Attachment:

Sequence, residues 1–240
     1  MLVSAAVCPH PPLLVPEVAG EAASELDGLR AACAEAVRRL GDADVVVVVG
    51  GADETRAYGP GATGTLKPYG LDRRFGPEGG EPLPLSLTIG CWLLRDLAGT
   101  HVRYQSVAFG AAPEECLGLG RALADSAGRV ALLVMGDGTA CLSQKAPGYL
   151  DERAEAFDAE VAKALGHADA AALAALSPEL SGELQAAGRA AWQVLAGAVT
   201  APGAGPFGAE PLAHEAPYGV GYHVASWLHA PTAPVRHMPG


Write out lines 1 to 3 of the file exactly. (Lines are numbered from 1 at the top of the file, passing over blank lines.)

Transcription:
Sequence, residues 1–240
     1  MLVSAAVCPH PPLLVPEVAG EAASELDGLR AACAEAVRRL GDADVVVVVG
    51  GADETRAYGP GATGTLKPYG LDRRFGPEGG EPLPLSLTIG CWLLRDLAGT